What Kaisa Tells Us About China’s Capital Markets

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What Kaisa Tells Us About China’s Capital Markets

Chinese property developer Kaisa has run into financial problems that have yet to be satisfactorily explained. Despite, or perhaps because of, these unanswered questions, the episode sheds an interesting light on the possible contagion—and other—risks of investing in China.

Kaisa’s failure to make a US$23 million bond coupon payment in January came as a shock to investors, given that the company had appeared to be in reasonable financial condition and was considered to be among the better governed and relatively less leveraged private Chinese developers.

Trouble began in December when three senior managers—including the chairman and founder, Kwok Ying Shing—resigned after local authorities blocked sales of the company’s apartments in new housing projects in Shenzhen. The company denied rumours that Kwok Ying Shing was being investigated by the government as part of its anti-corruption campaign.

As the crisis deepened, the value of Kaisa’s securities in debt and equity markets fell, causing considerable pain for investors—many of whom held Kaisa shares and/or bonds directly as part of their core exposures to the property sector.

As the end of the 30-day grace period loomed, relief came in the form of a loan repayment waiver by HSBC and the announcement that another developer, Sunac China, would take a 49.3% stake in Kaisa. Since then, however, it’s been revealed that Kaisa’s debt is much larger than previously disclosed—a development that could complicate negotiations with banks, bondholders, shareholders and Sunac.

What seems clear from our perspective is that a restructuring for offshore bondholders is likely. As another litmus test of the subordination risk in China’s debt markets, the market will carefully review how onshore and offshore debt holders will be treated. This episode has brought into focus a number of issues of concern to investors.

Political and Policy Risks

Why, for example, did an apparently healthy company suddenly become financially distressed? Many investors suspect that politics played a role, based on the Shenzhen government’s intervention in apartment sales and rumors that the company chairman was being investigated.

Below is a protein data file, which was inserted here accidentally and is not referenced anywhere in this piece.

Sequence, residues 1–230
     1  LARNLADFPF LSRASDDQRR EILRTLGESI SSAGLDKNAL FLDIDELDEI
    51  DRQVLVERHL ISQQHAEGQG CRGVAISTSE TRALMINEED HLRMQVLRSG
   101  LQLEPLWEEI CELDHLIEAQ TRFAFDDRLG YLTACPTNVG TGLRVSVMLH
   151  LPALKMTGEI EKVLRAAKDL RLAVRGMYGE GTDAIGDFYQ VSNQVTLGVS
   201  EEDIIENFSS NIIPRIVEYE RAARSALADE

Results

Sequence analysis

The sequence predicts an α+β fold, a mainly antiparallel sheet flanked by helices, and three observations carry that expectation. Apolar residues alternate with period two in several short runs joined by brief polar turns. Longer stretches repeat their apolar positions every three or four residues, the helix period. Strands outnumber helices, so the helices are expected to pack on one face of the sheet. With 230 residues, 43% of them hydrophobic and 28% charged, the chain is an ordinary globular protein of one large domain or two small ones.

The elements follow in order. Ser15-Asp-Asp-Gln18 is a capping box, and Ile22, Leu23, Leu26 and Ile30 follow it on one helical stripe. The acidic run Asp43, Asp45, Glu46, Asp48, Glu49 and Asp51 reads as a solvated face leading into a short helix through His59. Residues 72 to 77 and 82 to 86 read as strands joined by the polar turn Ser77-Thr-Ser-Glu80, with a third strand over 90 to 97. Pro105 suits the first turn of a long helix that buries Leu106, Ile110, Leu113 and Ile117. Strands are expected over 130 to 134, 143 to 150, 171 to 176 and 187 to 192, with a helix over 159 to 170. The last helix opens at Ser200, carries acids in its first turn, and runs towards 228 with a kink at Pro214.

While not making any assumptions about the specifics that might have applied in Kaisa’s case, our view is that political and policy risks in China these days are moving increasingly to the upside. This is because the government’s reform program is taking China’s economy in the right direction by making it more open, balanced and efficient.

Increasing Risks

There is one issue, however, that we regard as more problematic.

This is the contagion effect: trading in Chinese property bonds and equities came to a halt when the news of Kaisa’s problems broke. This typically does not happen in mature capital markets. The property sectors of China’s capital markets have now largely returned to normal, but remain vulnerable to contagion from similar episodes in the future.

This vulnerability is to be expected in the current stage of development of China’s capital markets, and, unfortunately, several corporate collapses may be necessary before the markets learn to take them in stride. Only after a number of these issues occur will investors gain confidence in the ability of the country’s legal system to resolve them in an orderly manner.

Time will tell, as the potential for defaults in China seems to be increasing. The country—and, indeed, Asia as a whole—is at a late stage in the credit cycle. Slowing credit growth, driven in no small part by government efforts to rein in expansion, is putting pressure on private companies and state-owned enterprises across all industries.

Diversification Is Important

There are two actions corporate bond investors can take in this environment to give themselves some measure of protection. One is to be prudent about individual security exposures, as idiosyncratic risk is now high and problems can arise unexpectedly. For this reason, it’s important to diversify—for example, by investing in managed funds rather than directly in securities.

The second action is to invest in funds run by managers with strong risk-management skills. While a Kaisa-like event might detract from a portfolio’s short-term performance, it needn’t result in a loss if that portfolio has been properly constructed with regard to risks as well as returns.

The views expressed herein do not constitute research, investment advice or trade recommendations and do not necessarily represent the views of all AB portfolio-management teams.

Hayden Briscoe is Director of Asia-Pacific Fixed Income at AB (NYSE:AB).

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